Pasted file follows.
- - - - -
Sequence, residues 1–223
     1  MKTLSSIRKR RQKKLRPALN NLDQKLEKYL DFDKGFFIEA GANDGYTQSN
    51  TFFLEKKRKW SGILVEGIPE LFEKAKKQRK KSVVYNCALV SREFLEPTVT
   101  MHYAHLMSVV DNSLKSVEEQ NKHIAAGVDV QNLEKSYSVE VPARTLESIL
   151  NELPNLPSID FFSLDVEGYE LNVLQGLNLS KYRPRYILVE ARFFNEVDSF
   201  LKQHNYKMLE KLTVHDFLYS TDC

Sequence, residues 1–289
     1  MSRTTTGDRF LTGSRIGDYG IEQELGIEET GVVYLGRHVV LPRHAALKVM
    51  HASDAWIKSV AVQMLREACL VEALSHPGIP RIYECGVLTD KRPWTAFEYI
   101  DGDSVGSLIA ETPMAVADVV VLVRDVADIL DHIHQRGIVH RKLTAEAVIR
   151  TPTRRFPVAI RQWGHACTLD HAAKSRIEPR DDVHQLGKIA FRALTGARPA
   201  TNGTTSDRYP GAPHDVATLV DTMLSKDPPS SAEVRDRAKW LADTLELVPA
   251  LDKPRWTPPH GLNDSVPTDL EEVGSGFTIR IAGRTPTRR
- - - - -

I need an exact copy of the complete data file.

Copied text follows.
Sequence, residues 1–223
     1  MKTLSSIRKR RQKKLRPALN NLDQKLEKYL DFDKGFFIEA GANDGYTQSN
    51  TFFLEKKRKW SGILVEGIPE LFEKAKKQRK KSVVYNCALV SREFLEPTVT
   101  MHYAHLMSVV DNSLKSVEEQ NKHIAAGVDV QNLEKSYSVE VPARTLESIL
   151  NELPNLPSID FFSLDVEGYE LNVLQGLNLS KYRPRYILVE ARFFNEVDSF
   201  LKQHNYKMLE KLTVHDFLYS TDC

Sequence, residues 1–289
     1  MSRTTTGDRF LTGSRIGDYG IEQELGIEET GVVYLGRHVV LPRHAALKVM
    51  HASDAWIKSV AVQMLREACL VEALSHPGIP RIYECGVLTD KRPWTAFEYI
   101  DGDSVGSLIA ETPMAVADVV VLVRDVADIL DHIHQRGIVH RKLTAEAVIR
   151  TPTRRFPVAI RQWGHACTLD HAAKSRIEPR DDVHQLGKIA FRALTGARPA
   201  TNGTTSDRYP GAPHDVATLV DTMLSKDPPS SAEVRDRAKW LADTLELVPA
   251  LDKPRWTPPH GLNDSVPTDL EEVGSGFTIR IAGRTPTRR